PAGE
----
Equity Market


DEFINITION of 'Equity Market'

The market in which shares are issued and traded, either through exchanges or over-the-counter markets. Also known as the stock market, it is one of the most vital areas of a market economy because it gives companies access to capital and investors a slice of ownership in a company with the potential to realize gains based on its future performance. 


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BREAKING DOWN 'Equity Market'

Equity markets are the meeting point for buyers and sellers of stocks. The securities traded in the equity market can be either public stocks, which are those listed on the stock exchange, or privately traded stocks. Often, private stocks are traded through dealers, which is the definition of an over-the-counter market.

Stock Exchanges

The place where stocks in the equity market are traded is the stock exchange. There are many stock exchanges around the world, and they can be either physical places or virtual gathering spots. NASDAQ is an example of a virtual trading post, in which stocks are traded electronically through a network of computers. Electronic stock exchanges often include a market maker, which is a broker-dealer company that both buys and sells stocks in order to facilitate trading for a particular stock. This comes at a risk to the company, but it makes the exchange process for a given stock operate more smoothly. Electronic trading posts are becoming more common and a preferred method of trading over physical exchanges.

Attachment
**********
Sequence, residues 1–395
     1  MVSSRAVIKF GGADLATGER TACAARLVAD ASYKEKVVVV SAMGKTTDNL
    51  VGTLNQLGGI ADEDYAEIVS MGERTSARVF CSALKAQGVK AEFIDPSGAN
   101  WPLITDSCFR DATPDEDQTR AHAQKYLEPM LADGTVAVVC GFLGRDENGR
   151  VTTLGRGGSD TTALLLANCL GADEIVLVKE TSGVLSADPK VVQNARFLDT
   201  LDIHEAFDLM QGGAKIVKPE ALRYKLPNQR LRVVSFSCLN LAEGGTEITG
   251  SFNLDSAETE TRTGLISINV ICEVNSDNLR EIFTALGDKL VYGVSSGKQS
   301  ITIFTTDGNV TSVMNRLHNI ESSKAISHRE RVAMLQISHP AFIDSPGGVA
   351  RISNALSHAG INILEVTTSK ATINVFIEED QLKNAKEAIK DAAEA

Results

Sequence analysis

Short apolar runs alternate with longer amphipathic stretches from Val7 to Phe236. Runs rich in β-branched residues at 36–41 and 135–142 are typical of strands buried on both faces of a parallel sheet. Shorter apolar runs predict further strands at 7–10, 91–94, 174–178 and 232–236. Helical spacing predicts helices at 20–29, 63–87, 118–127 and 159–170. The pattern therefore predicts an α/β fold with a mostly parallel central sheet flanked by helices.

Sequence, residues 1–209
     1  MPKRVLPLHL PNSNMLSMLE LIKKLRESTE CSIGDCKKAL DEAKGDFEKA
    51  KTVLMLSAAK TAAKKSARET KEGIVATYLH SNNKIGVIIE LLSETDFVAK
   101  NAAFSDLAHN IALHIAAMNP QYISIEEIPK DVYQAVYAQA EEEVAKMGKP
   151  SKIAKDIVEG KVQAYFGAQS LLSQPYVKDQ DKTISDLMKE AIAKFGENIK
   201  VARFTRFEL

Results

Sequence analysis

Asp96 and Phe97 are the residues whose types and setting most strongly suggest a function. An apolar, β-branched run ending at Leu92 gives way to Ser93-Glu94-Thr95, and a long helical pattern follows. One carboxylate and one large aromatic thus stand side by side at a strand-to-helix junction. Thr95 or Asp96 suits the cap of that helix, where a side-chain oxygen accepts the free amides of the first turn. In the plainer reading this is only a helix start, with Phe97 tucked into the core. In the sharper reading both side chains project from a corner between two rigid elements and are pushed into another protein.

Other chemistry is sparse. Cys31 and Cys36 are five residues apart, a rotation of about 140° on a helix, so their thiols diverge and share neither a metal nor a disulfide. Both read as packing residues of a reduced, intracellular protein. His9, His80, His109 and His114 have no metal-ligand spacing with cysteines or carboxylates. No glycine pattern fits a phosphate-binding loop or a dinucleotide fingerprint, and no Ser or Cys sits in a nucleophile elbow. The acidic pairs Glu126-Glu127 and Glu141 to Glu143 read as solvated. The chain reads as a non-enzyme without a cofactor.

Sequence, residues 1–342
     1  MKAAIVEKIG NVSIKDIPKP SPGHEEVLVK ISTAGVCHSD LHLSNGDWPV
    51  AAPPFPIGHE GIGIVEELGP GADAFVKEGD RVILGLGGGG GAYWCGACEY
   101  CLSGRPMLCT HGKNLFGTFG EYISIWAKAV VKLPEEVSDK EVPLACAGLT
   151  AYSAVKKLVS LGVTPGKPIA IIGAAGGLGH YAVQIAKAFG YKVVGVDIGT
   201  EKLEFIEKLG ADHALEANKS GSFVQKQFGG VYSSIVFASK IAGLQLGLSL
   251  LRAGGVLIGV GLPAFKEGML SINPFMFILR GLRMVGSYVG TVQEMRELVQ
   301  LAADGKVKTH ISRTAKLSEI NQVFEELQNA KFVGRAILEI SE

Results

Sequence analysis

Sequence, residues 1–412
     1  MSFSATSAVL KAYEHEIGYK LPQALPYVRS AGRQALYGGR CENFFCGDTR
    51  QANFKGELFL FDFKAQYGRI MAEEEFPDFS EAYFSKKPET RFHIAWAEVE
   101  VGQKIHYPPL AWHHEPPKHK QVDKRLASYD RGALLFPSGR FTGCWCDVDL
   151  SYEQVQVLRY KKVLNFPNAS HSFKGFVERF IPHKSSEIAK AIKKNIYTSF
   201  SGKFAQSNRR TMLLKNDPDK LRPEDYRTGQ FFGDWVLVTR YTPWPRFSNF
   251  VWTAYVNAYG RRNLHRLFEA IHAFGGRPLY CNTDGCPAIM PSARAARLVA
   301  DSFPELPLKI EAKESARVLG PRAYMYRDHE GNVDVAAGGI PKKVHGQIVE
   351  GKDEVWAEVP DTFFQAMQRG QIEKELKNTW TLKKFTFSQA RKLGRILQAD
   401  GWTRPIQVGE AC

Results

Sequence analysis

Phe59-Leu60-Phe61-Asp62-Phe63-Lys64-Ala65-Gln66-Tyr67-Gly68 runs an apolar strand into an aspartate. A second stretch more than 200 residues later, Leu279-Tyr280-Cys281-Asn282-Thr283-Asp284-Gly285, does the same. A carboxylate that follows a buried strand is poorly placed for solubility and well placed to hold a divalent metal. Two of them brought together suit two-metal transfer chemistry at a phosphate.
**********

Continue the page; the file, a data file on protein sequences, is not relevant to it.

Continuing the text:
The New York Stock Exchange (NYSE) on Wall Street is a famous example of a physical stock exchange; however, there is also the option to trade in online exchanges from that location, so it is technically a hybrid market. In a physical exchange, orders are made in open outcry format, which is reminiscent of depictions of Wall Street in the movies: traders shout and display hand signals across the floor in order to place trades. Physical exchanges are made on the trading floor filter through a floor broker, who finds the trading post specialist for that stock to put through the order. Physical exchanges are still very much human environments, although there are a lot of functions performed by computers. Brokers are paid commissions on the stocks they work.

Most large companies have stocks that are listed at multiple stock exchanges throughout the world. However, companies with stocks in the equity market range from large-scale to small, and traders range from big companies to individual investors. Most buyers and sellers tend to prefer trading at larger exchanges, where there are more options and opportunities than at smaller exchanges. However, in recent years, there has been an uptick in the number of exchanges through third-party markets, which bypass the commission of a stock exchange, but pose a greater risk of adverse selection and don't guarantee the payment or delivery of the stock.